[Editor’s Note: As Bill Gates says, “It’s fine to celebrate success, but it is more important to heed the lessons of failure.” Thomas Edison tried thousands of light bulbs before discovering his life-altering solution. Babe Ruth… Continued
Challenges the author face as a leader—especially around work-life issues, an important part of the PR pro’s employment regime—are similar to those he encountered for the first time as a 21-year-old Second Class at sea.
There are a slew of responsibilities on the PR pro’s plate. Yet helping to slow the spread of disinformation must rank high on communicator’s list of priorities. As we celebrate July 4th, it’s important to see PR pros as freedom fighters against disinformation.
As the world changed in March 2020, so too did the future for many college seniors who graduated months later. With Gen Z entering the workforce, millennials taking more leadership positions, and technology platforms proving to be important tools for communication, some firms are changing the way they recruit for PR jobs.
The useful PR book includes a lively presentation and imbues traditional themes with interesting insights or unique interpretations. We provide reviews of some books for summer reading.
Bosses are like dogs in the best ways, our writer argues. Like a dog filled with energy and curiosity, a CEO who is an interested and engaged communicator is more likely to try things outside traditional parameters and grow the company.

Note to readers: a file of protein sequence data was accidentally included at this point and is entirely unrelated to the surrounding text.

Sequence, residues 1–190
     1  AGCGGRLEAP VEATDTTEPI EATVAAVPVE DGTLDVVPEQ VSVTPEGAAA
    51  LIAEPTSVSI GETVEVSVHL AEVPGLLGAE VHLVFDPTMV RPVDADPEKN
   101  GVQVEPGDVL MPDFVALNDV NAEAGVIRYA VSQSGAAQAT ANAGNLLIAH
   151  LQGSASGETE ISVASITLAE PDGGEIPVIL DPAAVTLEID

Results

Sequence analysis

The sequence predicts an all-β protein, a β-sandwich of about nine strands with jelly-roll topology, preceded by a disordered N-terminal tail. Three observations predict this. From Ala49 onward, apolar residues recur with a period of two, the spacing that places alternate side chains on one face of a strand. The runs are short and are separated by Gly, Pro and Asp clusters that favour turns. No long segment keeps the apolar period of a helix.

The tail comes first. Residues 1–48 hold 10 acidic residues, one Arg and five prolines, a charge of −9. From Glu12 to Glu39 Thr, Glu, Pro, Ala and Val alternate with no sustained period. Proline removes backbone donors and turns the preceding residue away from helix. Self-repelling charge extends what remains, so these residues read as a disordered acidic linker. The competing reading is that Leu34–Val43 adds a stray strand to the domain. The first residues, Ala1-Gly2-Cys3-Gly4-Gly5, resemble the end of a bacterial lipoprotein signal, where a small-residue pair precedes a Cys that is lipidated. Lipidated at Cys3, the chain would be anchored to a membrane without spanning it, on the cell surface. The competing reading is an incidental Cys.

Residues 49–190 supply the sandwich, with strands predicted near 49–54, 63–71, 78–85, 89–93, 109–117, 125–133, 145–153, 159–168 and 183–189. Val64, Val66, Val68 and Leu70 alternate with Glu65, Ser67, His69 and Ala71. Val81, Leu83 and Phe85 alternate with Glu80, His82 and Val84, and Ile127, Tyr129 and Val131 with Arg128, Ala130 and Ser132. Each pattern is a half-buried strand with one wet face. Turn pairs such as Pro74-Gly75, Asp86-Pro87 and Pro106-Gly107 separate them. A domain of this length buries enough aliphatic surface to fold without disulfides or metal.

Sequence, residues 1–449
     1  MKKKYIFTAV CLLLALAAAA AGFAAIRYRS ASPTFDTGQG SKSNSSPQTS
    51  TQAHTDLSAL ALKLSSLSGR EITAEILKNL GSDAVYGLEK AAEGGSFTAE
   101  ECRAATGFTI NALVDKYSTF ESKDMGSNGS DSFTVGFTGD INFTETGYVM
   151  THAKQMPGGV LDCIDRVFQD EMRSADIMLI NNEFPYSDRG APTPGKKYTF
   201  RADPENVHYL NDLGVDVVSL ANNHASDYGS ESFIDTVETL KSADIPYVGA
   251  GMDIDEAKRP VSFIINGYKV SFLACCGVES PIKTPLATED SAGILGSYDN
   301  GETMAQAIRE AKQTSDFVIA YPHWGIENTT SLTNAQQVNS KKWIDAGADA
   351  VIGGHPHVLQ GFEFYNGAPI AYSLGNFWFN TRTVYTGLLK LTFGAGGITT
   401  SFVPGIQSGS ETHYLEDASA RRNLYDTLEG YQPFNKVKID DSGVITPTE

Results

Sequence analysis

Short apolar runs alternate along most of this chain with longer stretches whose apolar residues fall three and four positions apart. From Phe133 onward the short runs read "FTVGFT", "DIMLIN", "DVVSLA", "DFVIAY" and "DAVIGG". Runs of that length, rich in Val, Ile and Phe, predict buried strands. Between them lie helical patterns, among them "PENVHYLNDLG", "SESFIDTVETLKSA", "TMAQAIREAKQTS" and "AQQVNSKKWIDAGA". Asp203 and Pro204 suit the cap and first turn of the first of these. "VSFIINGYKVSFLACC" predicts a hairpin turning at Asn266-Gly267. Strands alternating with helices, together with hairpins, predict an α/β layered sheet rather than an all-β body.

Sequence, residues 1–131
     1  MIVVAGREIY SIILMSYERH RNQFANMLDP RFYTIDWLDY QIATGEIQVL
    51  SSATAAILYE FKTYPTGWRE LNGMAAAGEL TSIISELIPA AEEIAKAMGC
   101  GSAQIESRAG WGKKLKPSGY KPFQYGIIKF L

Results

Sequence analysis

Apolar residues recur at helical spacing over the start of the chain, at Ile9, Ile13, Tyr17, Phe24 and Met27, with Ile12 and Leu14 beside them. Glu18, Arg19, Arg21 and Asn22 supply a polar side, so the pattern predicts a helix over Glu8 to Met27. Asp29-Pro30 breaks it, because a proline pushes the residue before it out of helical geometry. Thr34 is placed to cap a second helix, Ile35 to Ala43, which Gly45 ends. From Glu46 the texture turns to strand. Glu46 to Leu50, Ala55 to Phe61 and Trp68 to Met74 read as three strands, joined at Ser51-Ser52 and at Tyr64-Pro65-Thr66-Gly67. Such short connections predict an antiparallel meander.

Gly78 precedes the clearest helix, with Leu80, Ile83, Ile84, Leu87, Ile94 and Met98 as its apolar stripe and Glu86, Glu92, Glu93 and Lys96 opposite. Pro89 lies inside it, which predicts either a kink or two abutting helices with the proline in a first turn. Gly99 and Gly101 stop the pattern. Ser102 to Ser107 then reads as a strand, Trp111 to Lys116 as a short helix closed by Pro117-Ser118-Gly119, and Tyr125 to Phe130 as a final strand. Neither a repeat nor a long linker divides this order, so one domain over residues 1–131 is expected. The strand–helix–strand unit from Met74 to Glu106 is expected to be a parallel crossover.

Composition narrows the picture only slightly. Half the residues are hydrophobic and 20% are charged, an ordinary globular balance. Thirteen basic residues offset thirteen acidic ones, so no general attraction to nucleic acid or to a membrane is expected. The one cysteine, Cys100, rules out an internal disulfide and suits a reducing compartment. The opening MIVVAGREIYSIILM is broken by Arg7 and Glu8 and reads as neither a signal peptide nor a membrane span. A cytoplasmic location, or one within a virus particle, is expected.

What is the significance of the APR, those letters you see behind the name of some PR pros? Is the time and energy needed to attain the APR accreditation worth it in terms of better jobs and salary? Does it attract business? Do seasoned communicators need it? We asked PR pros with the APR and those without it for their views.
We’re human and make mistakes. How we recover from them is important. In this series about lessons PR pros learned early in their careers, Cindy Villafranca of Southwest Airlines discusses how she grew after making an embarrassing mistake.
The conventional hiring process is, well, conventional. Want ads, resumes, LinkedIn, recruiting and search firms. In PR, a field where creativity is highly valued, the traditional hiring route may not always find the best candidates. Companies that take an off-beat recruiting approach likely will find highly creative candidates.
[Editor’s Note: In the Young Voices series, PRNEWS profiles new communicators who discuss the industry, skills and what they wish they’d known before beginning work, among other things. If you’d like to suggest a communicator for this section,… Continued